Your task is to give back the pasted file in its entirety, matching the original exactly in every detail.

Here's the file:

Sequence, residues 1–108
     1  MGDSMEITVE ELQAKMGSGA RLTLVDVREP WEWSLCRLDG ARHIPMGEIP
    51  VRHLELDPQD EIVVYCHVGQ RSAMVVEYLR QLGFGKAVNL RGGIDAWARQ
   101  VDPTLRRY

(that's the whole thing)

Sequence, residues 1–108
     1  MGDSMEITVE ELQAKMGSGA RLTLVDVREP WEWSLCRLDG ARHIPMGEIP
    51  VRHLELDPQD EIVVYCHVGQ RSAMVVEYLR QLGFGKAVNL RGGIDAWARQ
   101  VDPTLRRY